This guide to the T Bar Row will help you learn how and why to introduce this great exercise into your training.
- What is the T Bar Row?
- Muscles Worked by the T Bar Row
- Benefits of the T Bar Row
- How to do the T Bar Row
- T Bar Row Training Tips
- T Bar Row Alternatives
- What is a Good Weight for T Bar Rows?
- T Bar Row Variations
- More Exercises
What is the T Bar Row?
The T Bar Row is a barbell exercise involving a pulling range of motion that can be done with and without a machine.
It allows a neutral grip to be used which creates a solid and strong position to pull from. This allows you to load up the weights and enhance your gains as the neutral grip is the easier position to pull from.
In this regard T Bar Rows give you an advantage over Bent Over Rows (pronated grip with palms facing downwards).
T Bar Rows also allow you to lift more weight that Dumbbell Rows as well.
Muscles Worked by the T Bar Row
Primarily the T Bar Row is a back exercise, and is an excellent fitness tool to help you build a powerful, strong and muscular back and significant pulling strength.
Another great benefit is that the T Bar Row is safer and more forgiving for your back as it doesn’t place your lower back in a position that potentially could be compromised.
The primary muscles that are worked:
- Latissimus dorsi
- Posterior deltoid
The secondary muscles worked:
- Core muscles
- Spinae erector
Additionally, Lat Pull Downs and Chin Ups will form wide lats, but it is rowing movements that give then density and thickness.
Benefits of the T Bar Row
- Increased strength
- Better muscular balance
- Stronger and more muscular Back
- Improved Posture
- Better core stability
- Enhanced core strength
How to do the T Bar Row
- Load up the barbell
- Place your feet shoulder width apart behind the machine
- Rest your chest against the pad (if you are using a machine)
- Reach down and grab the handles of the T Bar machine
- Inhale and brace your core, glutes and grip
- Pull the Barbell towards you
- Squeeze your shoulder blades together at the top of the movement
- Pause and hold for a second
- Slowly lower the weight to the starting position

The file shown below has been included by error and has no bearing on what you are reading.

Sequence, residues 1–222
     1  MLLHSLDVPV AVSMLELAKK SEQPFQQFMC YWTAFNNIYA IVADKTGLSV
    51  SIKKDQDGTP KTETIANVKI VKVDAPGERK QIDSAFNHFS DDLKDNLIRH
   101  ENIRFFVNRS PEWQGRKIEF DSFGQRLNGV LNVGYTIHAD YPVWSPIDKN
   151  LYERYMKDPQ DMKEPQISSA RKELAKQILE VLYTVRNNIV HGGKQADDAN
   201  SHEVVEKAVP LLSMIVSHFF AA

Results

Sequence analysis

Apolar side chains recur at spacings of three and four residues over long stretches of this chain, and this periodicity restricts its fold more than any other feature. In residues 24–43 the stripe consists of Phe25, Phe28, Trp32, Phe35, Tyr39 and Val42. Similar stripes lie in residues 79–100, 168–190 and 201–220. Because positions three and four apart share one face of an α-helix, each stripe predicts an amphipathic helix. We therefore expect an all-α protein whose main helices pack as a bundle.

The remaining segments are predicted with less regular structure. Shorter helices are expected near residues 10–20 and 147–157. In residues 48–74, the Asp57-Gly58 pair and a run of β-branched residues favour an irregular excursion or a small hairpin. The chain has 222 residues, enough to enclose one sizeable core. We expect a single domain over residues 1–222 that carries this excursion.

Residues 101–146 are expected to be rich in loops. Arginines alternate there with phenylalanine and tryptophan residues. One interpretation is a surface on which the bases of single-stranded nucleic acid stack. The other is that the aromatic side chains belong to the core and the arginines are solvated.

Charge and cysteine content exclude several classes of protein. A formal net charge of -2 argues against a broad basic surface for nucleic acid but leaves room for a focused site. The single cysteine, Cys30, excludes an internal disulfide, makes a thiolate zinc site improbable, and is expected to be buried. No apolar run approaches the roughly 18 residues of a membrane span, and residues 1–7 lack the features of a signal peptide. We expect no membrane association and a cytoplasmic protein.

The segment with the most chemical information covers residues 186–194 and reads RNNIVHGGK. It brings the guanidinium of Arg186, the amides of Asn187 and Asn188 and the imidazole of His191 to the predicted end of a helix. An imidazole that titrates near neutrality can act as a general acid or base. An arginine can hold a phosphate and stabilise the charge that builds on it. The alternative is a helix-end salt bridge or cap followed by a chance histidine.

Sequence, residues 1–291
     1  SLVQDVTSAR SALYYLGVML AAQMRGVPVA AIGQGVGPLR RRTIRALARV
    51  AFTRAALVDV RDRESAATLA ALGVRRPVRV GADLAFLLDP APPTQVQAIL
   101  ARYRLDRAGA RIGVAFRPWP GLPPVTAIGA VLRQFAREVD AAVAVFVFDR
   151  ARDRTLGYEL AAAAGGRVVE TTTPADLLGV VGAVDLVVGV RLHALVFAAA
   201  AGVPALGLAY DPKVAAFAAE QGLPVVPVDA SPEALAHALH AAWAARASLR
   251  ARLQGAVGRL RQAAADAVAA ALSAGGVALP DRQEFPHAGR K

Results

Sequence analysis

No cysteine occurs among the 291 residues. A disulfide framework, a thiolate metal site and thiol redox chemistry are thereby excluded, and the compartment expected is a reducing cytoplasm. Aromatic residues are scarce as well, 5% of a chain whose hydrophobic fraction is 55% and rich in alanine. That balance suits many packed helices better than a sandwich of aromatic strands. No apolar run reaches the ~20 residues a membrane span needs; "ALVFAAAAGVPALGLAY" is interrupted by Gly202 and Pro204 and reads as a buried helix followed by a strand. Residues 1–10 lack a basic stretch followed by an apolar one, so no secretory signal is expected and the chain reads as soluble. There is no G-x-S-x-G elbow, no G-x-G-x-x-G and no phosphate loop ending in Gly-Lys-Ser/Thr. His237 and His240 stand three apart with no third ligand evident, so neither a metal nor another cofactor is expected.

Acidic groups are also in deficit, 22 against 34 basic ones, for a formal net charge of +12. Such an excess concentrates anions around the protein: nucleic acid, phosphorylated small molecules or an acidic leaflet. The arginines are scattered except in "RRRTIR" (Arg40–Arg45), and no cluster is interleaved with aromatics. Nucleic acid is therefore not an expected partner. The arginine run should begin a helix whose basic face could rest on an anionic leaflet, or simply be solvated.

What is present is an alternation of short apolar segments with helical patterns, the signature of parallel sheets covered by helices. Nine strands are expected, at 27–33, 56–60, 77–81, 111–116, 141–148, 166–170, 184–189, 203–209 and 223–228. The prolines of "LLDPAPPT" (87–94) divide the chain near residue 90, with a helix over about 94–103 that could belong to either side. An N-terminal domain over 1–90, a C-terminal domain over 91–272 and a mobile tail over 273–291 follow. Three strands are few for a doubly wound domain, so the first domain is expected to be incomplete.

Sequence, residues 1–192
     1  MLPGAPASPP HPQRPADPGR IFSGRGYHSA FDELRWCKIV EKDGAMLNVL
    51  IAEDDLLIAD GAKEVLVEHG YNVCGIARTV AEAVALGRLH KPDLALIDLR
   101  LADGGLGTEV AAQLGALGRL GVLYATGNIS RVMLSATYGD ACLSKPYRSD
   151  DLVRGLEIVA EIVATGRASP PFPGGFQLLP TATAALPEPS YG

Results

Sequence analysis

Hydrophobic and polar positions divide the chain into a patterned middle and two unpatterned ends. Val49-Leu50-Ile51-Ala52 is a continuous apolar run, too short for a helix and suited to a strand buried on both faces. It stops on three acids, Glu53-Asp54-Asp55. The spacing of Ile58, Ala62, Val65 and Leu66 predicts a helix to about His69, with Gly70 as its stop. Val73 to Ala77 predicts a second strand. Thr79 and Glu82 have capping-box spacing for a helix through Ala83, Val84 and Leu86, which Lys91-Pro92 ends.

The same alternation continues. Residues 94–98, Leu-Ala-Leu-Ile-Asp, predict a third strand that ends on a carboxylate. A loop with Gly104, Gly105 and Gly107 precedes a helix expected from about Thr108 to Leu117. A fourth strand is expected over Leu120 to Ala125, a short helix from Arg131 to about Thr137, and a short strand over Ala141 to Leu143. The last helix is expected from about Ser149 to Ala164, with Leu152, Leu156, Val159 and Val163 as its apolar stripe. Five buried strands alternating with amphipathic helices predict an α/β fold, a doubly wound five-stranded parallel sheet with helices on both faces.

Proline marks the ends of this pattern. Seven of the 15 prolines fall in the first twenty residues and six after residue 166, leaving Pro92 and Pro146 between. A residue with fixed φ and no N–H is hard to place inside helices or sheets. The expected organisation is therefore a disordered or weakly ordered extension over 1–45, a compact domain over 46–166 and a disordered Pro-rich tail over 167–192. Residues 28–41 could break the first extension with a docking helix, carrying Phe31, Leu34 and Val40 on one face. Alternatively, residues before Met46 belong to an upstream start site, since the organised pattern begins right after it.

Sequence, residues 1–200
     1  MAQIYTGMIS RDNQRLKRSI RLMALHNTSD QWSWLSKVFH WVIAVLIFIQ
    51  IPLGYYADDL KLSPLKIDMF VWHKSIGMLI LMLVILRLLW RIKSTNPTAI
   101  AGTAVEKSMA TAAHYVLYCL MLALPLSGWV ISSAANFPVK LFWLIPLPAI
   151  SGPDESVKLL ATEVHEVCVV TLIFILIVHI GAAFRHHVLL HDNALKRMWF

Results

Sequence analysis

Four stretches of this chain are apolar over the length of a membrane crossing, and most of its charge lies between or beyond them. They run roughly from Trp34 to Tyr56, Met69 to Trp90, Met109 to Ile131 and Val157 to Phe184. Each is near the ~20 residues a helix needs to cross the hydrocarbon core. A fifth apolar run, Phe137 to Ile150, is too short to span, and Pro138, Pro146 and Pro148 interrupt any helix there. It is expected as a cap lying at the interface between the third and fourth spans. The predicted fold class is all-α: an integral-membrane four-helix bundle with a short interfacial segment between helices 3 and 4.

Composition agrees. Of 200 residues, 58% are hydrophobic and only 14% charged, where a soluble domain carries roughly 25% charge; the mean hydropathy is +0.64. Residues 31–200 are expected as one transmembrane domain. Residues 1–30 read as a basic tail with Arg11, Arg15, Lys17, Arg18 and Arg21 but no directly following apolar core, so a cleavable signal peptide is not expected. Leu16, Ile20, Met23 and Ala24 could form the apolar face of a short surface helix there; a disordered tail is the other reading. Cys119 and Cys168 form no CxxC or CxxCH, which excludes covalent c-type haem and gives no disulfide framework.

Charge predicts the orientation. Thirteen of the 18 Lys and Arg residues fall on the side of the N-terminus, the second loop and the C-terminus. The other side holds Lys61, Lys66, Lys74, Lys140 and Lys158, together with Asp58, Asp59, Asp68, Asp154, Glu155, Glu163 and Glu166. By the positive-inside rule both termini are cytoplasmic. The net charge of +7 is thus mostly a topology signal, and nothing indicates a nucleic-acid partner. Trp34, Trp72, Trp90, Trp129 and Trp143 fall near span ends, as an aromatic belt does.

- Exhale at the bottom of the movement
- Repeat for the desired number of reps
T Bar Row Training Tips
If you are new to the movement, start off with a light load and work up heavier.
When you perform the movement, try to really feel the activation of your lats. Think about the mind muscle connection as you shift the weight.
T Bar Row Alternatives
These alternatives are all intelligent ways to stimulate and work similar muscle groups that the T Bar Row would hit.
- Barbell Row
- Dumbbell Row
- Banded Row
- Chest Supported Row
- Yates Row
- Underhand Barbell Row
- Pendlay Row
- Seated Close Grip Cable Row
- Meadows Row
- TRX – Row
- Iso – Lateral Row
- Seal Row
- Inverted Row
What is a Good Weight for T Bar Rows?
According to Old School Labs, “A 180-pound novice athlete, for example, should be able to lift about 140 pounds when performing this exercise. Aim for 93 pounds or so if you’re a beginner. An intermediate male athlete of the same weight will lift around 200 pounds, while an advanced athlete should lift 272 pounds or more.”
T Bar Row Variations
Try adding these variations of the T Bar Row into your training to keep things fun and varied.
- Seated Cable Row
- Single-Arm Row
- Dumbbell Single Arm Row
- Wide Grip Cable Row
- Bent Over Row
Got more questions?
What is T Bar Row Good For?
The exercise is a great way to target your back muscles. It will develop considerable pulling strength and build muscle.
Are Rows Better than Pull Downs?
Rows in general tend to result in more muscle activation and growth than Pull Downs.
Do T Bar Rows Work Rear Delts?
Yes, they do.
Do T Bar Rows Work Lats?
The target muscle of this form of Row is the latissimus dorsi.
This exercise also works all the major back muscles – teres major, trapezius, and erector spinae.
Grow your upper body with these effective barbell exercises: